It’s been noted in posts here that even as the market moved up to new highs it appeared during the day that there was selling going on. I guessed that was big players were trying to edge off margin debt. Behind the scenes the advancing stocks were narrowing, the new lows at the bottom of the market were beginning to outpace the new highs at the top. Everywhere there were signs – wackiness was going on all over the place., marijuana stocks became the leading sector, some low priced stocks, like YECO, would go up 500 percent (in a day!); one by one bellwether stocks, FB, NFLX, TSLA, AMZN and finally even AAPL took hits; the housing stocks have been declining all year and finally banking stock have joined them.

In that October post above, I called this late stage the “most bearish bull market” I’ve seen.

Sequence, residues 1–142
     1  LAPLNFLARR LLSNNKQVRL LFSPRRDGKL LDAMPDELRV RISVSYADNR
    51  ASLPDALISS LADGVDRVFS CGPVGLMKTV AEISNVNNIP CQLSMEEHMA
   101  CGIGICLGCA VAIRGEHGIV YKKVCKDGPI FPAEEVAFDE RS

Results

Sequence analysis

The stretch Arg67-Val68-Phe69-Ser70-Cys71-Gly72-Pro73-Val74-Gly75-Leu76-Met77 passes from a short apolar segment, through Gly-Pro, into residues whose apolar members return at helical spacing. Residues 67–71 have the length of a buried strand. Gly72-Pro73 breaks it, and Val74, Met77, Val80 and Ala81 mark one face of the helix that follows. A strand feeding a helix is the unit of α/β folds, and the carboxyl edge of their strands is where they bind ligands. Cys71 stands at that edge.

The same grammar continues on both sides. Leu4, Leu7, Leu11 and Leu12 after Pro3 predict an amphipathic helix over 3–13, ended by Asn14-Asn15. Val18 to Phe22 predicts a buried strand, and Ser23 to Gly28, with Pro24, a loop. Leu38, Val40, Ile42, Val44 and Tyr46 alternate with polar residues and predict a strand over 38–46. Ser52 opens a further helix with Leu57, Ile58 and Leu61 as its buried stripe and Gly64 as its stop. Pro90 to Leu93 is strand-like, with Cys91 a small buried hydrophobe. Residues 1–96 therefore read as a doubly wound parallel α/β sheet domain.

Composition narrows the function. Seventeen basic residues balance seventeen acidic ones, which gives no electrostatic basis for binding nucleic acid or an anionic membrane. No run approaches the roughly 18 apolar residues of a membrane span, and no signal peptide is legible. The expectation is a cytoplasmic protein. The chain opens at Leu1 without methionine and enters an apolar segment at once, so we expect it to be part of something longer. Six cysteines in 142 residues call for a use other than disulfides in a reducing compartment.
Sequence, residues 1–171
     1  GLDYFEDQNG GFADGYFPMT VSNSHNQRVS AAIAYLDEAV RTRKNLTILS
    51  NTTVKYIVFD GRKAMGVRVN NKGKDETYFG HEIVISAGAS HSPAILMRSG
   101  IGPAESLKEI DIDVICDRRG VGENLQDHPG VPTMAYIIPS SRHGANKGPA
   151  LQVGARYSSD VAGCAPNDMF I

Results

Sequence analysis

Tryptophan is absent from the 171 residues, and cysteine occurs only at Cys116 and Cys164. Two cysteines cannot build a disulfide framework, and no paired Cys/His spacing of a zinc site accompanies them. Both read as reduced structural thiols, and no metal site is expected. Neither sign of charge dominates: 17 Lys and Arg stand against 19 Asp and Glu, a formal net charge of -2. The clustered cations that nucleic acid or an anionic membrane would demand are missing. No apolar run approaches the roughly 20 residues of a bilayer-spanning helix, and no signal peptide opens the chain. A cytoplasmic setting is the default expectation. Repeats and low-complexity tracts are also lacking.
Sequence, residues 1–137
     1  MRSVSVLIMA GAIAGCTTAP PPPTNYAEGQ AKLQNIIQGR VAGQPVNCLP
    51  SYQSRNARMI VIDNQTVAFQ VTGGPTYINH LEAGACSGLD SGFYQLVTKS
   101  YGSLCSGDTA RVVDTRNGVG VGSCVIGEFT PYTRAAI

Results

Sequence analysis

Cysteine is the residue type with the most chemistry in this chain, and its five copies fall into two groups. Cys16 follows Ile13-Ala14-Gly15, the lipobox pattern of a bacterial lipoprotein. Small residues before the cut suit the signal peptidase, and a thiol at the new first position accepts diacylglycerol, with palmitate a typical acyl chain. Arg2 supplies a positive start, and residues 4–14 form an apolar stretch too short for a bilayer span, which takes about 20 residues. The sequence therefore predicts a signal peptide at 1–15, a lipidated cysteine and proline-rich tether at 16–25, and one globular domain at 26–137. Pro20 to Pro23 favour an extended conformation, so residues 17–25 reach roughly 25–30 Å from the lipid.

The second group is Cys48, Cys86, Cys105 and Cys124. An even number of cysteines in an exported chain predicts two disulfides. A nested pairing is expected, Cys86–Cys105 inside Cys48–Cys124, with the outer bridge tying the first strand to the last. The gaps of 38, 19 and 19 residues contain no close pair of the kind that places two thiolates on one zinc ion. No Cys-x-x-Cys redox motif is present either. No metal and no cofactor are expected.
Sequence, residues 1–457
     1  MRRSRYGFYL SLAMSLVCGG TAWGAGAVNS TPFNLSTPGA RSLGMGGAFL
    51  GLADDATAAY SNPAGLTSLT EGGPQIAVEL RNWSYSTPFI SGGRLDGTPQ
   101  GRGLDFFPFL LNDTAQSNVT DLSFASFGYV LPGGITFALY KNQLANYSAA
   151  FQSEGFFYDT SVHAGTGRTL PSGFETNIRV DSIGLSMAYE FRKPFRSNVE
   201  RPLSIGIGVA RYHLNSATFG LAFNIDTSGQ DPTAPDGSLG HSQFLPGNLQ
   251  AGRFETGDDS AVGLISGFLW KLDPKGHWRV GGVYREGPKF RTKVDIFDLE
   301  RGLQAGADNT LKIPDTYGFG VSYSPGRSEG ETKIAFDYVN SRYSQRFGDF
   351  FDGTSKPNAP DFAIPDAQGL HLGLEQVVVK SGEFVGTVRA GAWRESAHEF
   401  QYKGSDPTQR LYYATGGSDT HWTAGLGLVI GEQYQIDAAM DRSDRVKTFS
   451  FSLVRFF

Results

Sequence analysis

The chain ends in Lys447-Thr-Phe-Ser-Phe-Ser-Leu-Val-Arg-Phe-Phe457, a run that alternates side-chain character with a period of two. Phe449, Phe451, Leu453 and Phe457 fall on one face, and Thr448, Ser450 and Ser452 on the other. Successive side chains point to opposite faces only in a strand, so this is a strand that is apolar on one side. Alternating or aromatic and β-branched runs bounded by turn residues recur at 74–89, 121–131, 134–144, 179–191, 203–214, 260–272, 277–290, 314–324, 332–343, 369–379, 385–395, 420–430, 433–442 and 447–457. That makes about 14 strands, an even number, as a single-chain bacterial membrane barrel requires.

But now margin debt is finally the revealed rub.

Each time the levels of margin debt in 2000 and 2007 became unsustainable, the subsequent decline led to bear markets in which the S&P 500 index declined 40% to 50% (see the charts below), and now when it drops it will be dropping from an even higher height.

Can a 40-50% bear market happen again? You can bet half your portfolio on it.

Once margin debt begins to unravel, it will feed on itself — when the margin calls come, it is either put up more money or sell the stock. Selling the stock drives it lower and brings more margin calls. Nothing else will matter, not fundamentals, not news, not hopes, not dreams.

Why is this important? Depends on one’s age. When it happens, it will take years and years – five years? eight years? 13 years? – to recover the prices the indexes are at right now.

It appears, now that we can see the new high in the market and the fact the margin debt did not follow, that process has begun behind the scenes, so to speak.

Of course big bull markets can fool (see 2016 in this one on the charts below), and might try soon since the market is currently deeply oversold and the Christmas season is traditionally bullish, but it can’t fool history forever. History is the best indicator of the fear-greed-time market psychology there is since it repeats and rhymes all through time. In the end history will tell.